And by the way, just to be ornery, I occasionally deliberately delay calling when I have absolutely nothing to ponder. However, I'm noted for being irascible, loud and surly when provoked so I get away with it. Is it safe to infer that unpleasant people are excused from delay calls but polite, tentative newcomers aren't?
The list of tactics bullies use is long. When a newcomer asks to review a trick after it's been turned, a bully will hiss, "You can't do that." Never, "Well it's against the rules, but you're new, so go ahead." Then there's the accusatory, pressing inquisition during an obviously awkward auction for newcomers: "What does your partner's 3 club bid mean." The, "I'm not sure," response won't end it. "How many points does he/she have? What king of distribution does he/she have?" The newcomer get more and more rattled and frets over giving the wrong answer instead of trying to decipher what partner's strange bid might mean. Leave them alone; newcomers have enough communications problems without responding to badgering questions.
Then there's the imperious, "You can't do that!" command when a newcomer starts running their fingers up and down the cards in the bidding boxes. "You have to bid what you selected." The newcomer get rattled. They didn't know they selected anything. Let them alone if they want to fondle the cards. I'm kind of a pervert and do it all the time and nobody bothers me. But I react viciously when people interrupt my pleasures. So vicious perverts are exempt from police actions but polite newcomers aren't. Nice going, deputies; you are really doing a good job molding the duplicate bridge crowd mix.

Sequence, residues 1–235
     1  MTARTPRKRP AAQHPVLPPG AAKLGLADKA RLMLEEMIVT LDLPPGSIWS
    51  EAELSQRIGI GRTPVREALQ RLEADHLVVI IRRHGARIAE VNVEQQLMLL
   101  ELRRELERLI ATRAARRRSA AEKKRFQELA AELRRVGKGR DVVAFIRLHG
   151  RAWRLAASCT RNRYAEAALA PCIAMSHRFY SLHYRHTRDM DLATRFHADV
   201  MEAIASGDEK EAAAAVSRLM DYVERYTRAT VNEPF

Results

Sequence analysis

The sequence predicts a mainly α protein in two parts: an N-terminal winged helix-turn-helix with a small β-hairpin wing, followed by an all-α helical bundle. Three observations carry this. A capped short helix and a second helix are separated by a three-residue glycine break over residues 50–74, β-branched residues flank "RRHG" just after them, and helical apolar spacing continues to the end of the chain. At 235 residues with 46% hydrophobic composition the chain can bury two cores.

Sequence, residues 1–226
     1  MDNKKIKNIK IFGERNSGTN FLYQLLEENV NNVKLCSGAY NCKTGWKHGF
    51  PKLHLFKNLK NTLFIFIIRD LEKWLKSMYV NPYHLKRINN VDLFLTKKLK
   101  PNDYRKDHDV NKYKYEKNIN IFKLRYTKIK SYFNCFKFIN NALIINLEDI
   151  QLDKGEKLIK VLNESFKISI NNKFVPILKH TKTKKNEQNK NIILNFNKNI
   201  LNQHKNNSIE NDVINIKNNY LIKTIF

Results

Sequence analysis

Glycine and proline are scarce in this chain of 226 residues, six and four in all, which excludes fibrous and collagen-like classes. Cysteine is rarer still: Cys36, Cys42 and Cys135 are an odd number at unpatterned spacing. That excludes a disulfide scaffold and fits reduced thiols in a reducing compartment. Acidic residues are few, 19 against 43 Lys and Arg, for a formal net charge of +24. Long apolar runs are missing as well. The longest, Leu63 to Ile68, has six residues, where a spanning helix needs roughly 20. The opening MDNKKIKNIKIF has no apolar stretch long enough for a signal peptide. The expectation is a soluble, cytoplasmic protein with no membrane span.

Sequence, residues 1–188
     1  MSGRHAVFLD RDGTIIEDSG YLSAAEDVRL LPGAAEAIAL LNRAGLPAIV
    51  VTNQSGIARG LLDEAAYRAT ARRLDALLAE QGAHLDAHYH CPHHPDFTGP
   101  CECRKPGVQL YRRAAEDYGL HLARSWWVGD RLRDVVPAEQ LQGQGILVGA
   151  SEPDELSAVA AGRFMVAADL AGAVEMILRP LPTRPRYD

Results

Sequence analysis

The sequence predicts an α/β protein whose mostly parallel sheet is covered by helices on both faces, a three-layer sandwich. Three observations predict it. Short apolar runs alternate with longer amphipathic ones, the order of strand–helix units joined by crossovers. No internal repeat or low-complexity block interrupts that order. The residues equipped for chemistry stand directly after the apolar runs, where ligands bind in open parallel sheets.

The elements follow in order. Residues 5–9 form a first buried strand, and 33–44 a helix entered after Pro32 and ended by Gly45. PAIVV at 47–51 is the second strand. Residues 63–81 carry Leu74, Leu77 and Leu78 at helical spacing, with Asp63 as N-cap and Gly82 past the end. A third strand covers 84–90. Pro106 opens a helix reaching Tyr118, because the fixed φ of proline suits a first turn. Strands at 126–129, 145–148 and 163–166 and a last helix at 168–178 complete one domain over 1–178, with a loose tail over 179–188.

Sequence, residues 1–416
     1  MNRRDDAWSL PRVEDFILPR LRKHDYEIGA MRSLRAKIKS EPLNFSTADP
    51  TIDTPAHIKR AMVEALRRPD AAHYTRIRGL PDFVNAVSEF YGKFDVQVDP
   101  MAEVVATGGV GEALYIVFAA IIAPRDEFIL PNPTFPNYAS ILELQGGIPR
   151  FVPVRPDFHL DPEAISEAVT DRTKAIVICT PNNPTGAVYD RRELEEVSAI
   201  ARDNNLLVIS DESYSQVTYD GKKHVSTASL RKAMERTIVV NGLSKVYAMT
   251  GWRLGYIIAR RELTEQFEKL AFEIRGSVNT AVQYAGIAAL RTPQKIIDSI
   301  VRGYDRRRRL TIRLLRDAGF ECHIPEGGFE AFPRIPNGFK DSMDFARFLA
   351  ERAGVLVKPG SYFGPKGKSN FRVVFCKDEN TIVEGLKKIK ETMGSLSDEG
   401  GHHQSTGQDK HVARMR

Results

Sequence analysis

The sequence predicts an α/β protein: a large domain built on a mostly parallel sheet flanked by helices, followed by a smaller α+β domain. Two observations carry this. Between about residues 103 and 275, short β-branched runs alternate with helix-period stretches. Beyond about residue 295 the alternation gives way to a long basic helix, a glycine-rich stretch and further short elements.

So what do we do about the problem? And don't cop out with the, "It's the club director's problem." Club directors usually don't even know about these incidents (except the director call, and that's legal). Newcomers aren't going to complain about bullies. They fell like an intruder already. So if you want to purge your ranks of bullies, you, as a regular player, have to report them. After a pair has been verbally mugged by one of these jerks, they'll usually say something at the next table or when the new pair arrives. If you're a member of the next pair, I suggest you quietly report the incident to the director. All you need say is, "I don't know what happened but that new pair was really upset after they played against pair X so something happened." You can bet the director will take note and when they receive enough complaints to know there's a problem, they'll act. They won't allow unpleasant people to chase away new customers if they know about it.
What else can we do? Well, if one of my partners bullies newcomers, I tell them I disapprove and if they insist on being self-appointed "deputies", they'll have to find a new partner.
That's my recipe for controlling bridge bullies. Hope it helps.